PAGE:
Chef: your server is not a pet, think of it as cattle

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Chef is in fact the company formerly known as Opscode; the company renamed itself after its core IT automation product subsequent to a recent round of successful funding.

The_Swedish_Chef.jpg

The firm has, arguably, spiced up its offering in recent times and just appointed former GE Capital codemaster Justin Arbuckle as the firm's new 'Veep for Yurp' and (more interestingly) chief enterprise architect.

So what is IT automation?

In terms of a purist definition: IT automation is the linking of disparate systems and software in such a way that they become self-acting or self-regulating.

NOTE: free image: wikipedia (not a real spokesperson)

In terms of a wider definition: IT automation is the kind thing that HP and BMC have been spreading down as bread and butter for many years now while newer players such as Puppet, Ansible Labs and perhaps Salt Stack also now come forward into this market.

CA Technologies also talks volubly on automation and so-called "autonomic" computing systems... but let's move on.

So how has IT automation changed?

IT automation used to be an easier beast to pin down i.e. we used comparatively homogeneous technology infrastructures that could be:

• classified
• measured and quantified
• managed and
• subsequently automated

But today we operate in a world with changing mobile infrastructures, changing cloud infrastructures and changing virtualisation infrastructures.

Arbuckle urges us to accept that Chef is an automation platform is capable of transforming infrastructure into code.

"Stop thinking in terms of physical and virtual servers. With Chef, your real asset is the code that brings those servers and the services they provide to life," he said.

As such, the firm is championing new tools for developers -- and let's make note here that there is open source Chef and also Enterprise Chef, which is why you are reading this in the Computer Weekly Open Source Insider column.

Chef's open source product is used extensively by both Facebook and Amazon Web Services, this is not some hobbyist piece of amateur tooling.

So what Chef is saying is, a server should be regarded as just a block of code and we should seek to implement tools to manage it thusly.

So what are the new Chef tools?

The company has brought forward new tools (announced at its April ChefConf in San Francisco) which sit initially in the Enterprise Chef product.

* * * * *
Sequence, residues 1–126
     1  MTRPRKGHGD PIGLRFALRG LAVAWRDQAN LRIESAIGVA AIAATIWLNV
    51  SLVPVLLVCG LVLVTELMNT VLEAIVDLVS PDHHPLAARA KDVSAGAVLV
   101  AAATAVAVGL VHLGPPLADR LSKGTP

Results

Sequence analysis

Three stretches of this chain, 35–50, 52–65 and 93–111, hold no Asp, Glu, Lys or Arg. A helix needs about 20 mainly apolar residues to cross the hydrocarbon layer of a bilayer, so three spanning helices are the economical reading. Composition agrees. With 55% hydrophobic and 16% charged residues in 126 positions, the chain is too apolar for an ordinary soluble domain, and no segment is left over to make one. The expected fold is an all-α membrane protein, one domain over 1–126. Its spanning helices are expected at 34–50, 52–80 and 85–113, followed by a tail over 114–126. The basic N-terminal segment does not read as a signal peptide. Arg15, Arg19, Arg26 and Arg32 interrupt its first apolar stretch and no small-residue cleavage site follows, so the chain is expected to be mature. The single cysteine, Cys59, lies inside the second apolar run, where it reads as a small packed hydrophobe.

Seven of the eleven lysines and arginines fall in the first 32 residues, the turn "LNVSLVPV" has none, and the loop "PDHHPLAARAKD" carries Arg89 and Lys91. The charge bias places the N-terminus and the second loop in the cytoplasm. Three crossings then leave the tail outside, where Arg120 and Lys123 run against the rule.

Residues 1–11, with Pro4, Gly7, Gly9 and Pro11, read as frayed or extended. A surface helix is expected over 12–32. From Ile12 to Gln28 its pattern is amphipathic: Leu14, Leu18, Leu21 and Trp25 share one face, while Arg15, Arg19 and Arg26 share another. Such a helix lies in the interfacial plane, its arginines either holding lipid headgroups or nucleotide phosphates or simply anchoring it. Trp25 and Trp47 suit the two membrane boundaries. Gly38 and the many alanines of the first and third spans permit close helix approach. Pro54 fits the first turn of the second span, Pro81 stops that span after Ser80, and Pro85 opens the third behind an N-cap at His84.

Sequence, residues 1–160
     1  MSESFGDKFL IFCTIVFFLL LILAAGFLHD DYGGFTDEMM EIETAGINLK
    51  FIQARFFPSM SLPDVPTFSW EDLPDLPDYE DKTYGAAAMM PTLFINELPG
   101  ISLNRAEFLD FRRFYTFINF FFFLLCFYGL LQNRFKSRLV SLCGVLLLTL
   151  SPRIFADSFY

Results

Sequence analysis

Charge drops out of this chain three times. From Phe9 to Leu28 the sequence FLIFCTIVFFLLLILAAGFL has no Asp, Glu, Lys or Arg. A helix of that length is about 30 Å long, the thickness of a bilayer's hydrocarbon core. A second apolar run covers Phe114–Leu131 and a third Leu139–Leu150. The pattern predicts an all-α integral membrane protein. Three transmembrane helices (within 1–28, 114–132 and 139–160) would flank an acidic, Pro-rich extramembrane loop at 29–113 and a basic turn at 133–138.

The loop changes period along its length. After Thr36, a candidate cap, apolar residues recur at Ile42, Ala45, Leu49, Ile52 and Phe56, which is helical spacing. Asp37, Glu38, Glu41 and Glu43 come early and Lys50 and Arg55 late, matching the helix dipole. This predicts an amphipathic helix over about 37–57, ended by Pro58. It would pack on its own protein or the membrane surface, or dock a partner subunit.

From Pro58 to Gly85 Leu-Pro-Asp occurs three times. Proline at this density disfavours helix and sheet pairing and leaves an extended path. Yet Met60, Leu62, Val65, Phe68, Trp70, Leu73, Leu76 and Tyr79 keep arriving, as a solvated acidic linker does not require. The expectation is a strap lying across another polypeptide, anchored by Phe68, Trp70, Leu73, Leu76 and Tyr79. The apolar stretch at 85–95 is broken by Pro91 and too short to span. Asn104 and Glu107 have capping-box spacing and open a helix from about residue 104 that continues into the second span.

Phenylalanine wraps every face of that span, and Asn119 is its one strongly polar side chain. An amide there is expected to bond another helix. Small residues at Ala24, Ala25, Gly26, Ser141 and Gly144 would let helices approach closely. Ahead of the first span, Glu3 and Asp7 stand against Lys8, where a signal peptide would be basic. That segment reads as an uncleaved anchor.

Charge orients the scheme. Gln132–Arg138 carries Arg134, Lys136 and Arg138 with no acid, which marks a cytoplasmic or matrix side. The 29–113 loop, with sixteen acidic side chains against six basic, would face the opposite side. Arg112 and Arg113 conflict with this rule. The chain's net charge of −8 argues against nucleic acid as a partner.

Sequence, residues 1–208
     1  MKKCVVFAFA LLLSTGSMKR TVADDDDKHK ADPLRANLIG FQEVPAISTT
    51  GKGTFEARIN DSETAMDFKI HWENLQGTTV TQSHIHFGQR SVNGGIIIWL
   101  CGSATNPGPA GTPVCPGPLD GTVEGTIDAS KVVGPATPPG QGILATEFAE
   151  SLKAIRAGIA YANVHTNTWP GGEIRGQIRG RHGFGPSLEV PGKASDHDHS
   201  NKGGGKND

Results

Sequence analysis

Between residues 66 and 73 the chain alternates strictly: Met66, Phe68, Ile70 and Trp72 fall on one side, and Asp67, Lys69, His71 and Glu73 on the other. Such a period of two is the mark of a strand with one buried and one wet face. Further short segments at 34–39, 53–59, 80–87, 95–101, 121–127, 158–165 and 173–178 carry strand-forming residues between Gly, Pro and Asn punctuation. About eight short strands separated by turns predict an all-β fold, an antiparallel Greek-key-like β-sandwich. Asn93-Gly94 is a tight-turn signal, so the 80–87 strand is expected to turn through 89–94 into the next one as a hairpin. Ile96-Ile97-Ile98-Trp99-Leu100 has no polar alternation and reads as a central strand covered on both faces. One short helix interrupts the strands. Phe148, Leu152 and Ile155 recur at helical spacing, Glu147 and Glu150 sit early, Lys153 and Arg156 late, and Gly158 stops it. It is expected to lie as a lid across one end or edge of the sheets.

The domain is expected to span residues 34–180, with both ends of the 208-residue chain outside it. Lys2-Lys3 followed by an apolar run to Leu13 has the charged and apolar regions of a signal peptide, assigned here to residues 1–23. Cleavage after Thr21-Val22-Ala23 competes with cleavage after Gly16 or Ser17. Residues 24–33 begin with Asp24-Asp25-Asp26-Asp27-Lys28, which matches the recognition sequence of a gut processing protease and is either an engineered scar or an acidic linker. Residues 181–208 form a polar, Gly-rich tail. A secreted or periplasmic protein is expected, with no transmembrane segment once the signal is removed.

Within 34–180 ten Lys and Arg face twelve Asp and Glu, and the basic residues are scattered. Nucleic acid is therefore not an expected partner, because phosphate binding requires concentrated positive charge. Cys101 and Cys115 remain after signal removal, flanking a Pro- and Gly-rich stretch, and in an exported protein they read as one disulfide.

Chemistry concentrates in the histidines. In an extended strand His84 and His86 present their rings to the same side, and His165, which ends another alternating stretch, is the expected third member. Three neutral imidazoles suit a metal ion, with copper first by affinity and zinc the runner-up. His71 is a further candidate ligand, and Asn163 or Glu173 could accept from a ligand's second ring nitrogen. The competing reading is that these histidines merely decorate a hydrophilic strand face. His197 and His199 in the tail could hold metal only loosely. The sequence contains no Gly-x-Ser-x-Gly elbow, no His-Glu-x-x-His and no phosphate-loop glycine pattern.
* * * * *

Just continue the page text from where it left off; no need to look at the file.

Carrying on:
Chef Action is intended to improve reporting on actions in the Chef server.

Chef Metal has been designed in order to enable the provisioning of clusters of servers and aims to empower the individual software application developer with more overall control over the total IT environment.

Chef DK -- the Chef Developer Kit... and this matters because:

"We're moving from a tools-based approach to a language-based approach in IT automation and this will always constrain us in terms of what the tool can do. The difference with Chef is that we take a language-based approach based on Ruby and this means we can DESCRIBE everything we run in production," said Arbuckle.

"We now have the capability to validate our compliance (in terms of what is running in production) when we look to automate because of the control we get from taking a language-based approach," he added.

Above all, both tools seek to ask of the user a "minimum of manual granular interaction"... a proposition that, surely, embodies what automation really means to us now as technical users.

Chef: a server is cattle, not a pet

"We used to think of our servers and operating system as something delicate that we need to look after -- this is the model where we consider servers at pets. But the fact is that we now have more flexibility in terms of where we want to deploy workloads -- these are just lumps of computing power that we can direct as needed that can be spun up and spun down. This commodity approach means we can start to treat servers like cattle now," said Chef's Arbuckle.

Arbuckle also says we can now still be very precise in terms of the way we can configure the machine, so there is no danger of animal cruelty.

Looking forward, he says he will look to see where Chef can help address business-specific use cases and investment in the developer community across Europe.

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This page contains a single entry by Adrian Bridgwater published on May 28, 2014 11:37 AM.

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